The stories that
Cary Grant is extremely cautious with money are also true. He dislikes buying
meals for other people and prefers to “go dutch.” He
habitually examines restaurant bills to see that he has not been
cheated and keeps his own hospitality very noticeable within
bounds. Director Billy Wilder once remarked, “I don’t know
anyone who’s been inside his house in the last 10 years.”
Above all, Cary
Grant hates being taken for a ride. His friend Robert Arthur, who
worked with him in his last year at Universal, said, “Cary’s anger becomes almost a phobia when he thinks he’s being
taken advantage of because he’s Cary Grant.”
A curious and
comic instance of this occurred at the Plaza Hotel in New York. He had ordered coffee and English muffins
(plural) to be sent up to his room for breakfast. When they
arrived, there were only three half slices, or one-half slice less
“I asked the
waiter why, and he didn’t know,” Grant said. “I called the
head of room service, who also didn’t know. I went up the line.
No one could explain.” So he telephoned the hotel’s owner,
Conrad Hilton, in
Beverly Hills, “but his office told me he was in Istanbul.”
then telephoned Hilton in Istanbul to ask why he had been brought only three half slices of muffin at
the Plaza in New York when the menu clearly stated, “muffins.”
the answer,” he recalled later. “It seems a hotel efficiency
expert had decreed that all guests left the fourth slice of muffin
on their plate. As a plate cleaner-upper, I was appalled.” And
he proceeded to tell Hilton that he should immediately alter his
menu to read “muffin and a half.”
“It cost me
several hundred dollars in phone calls,” Grant added, “but
ever since, I have always gotten four slices of muffin at the
It would be a big mistake, though, to write Cary Grant off as a penny-pinching crackpot. His shrewdness and
bargaining ability have made him one of Hollywood’s richest actors, probably worth more than $40 million if he
were to realize all his assets. He was earning $300,000 a picture
in 1946 and at the end of his career his income was estimated to
exceed $800,000 in royalty payments alone. “I like money,” he
once wrote. “Anybody you know who doesn’t? He’s a liar.”
There are also times when he can be extremely generous, buying his
friends sudden and unexpected gifts. He bought Dyan Cannon a sable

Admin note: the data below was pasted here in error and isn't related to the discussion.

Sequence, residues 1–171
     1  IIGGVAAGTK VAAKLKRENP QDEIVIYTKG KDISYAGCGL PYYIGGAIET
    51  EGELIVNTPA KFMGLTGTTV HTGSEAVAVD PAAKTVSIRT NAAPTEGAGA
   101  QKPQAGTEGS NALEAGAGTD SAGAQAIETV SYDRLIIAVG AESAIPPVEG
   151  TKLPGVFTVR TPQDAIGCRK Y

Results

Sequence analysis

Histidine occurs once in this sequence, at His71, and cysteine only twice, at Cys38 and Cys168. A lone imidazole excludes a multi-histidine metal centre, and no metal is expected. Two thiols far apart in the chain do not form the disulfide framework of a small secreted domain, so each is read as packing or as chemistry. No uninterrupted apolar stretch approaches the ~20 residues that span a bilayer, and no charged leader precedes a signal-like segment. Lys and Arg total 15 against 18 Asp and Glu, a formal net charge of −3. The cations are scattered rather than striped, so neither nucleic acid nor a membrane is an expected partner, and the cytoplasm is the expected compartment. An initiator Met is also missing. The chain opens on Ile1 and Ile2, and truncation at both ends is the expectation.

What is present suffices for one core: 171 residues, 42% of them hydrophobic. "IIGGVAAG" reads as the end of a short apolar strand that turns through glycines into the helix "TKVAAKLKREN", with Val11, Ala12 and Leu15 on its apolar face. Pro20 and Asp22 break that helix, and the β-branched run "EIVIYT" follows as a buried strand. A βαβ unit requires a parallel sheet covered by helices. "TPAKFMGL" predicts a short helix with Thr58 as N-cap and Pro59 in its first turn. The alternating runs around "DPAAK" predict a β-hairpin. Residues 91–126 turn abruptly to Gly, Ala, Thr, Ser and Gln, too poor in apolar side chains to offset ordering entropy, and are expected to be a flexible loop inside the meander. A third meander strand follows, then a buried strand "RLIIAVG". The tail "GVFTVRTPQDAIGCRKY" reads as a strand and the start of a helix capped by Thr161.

coat after their acrimonious divorce, and there are other
instances of this trait. He maintains that his reputation for
meanness is undeserved. I’m sure I have that reputation because
I don’t gamble or go to nightclubs or give huge parties,” he
explained, “and because I don’t believe in giving gifts at
Christmas. I give presents when I feel like it.” He refused to
tell his daughter, Jennifer, about Santa Claus, saying, “I
don’t see any reason to perpetuate unrealities.”
Leach’s personal peccadilloes, Cary Grant’s reputation as one
of the screen’s most brilliant and seductive comedians is
undiminished. He is proud of the fact that 28 of his films opened
at Radio City Music Hall, where they grossed more than $12 million, making him the most
popular performed in that theater’s history, his nearest
competitors being Katharine Hepburn and Fred Astaire.
director Frank Capra dubbed Grant “Hollywood’s greatest farceur.” And Doris Day explained his enduring
appeal this way: “He looks into your eyes, not your forehead or
your hair, as some people do. He can make love to me when I’m
But it is his
daughter Jennifer, and not his phenomenal movie stardom, that has
brought the greatest joy to Cary Grant, and he often calls her
“my greatest production.” Shortly, after her birth, the proud
62-year-old papa told Look magazine, “She’s the most winsome,
captivating girl I’ve ever known, and I’ve known quite a few
When Dyan Cannon
filed for divorce, he struggled to retain visitation rights and
was delighted to win them. He would devote his life to Jennifer,
he decided. He wanted to be for her what he had always hoped his
own parents would be for him, affectionate, supportive and loving.
And because of this resolution, he would never make another film.
(Among the movies he turned down were “A Touch of Class,”
“Heaven Can Wait” and “Sleuth.”)
In 1971, fearful
that Dyan Cannon would take Jennifer with her to
New York and Europe, Grant filed for joint custody.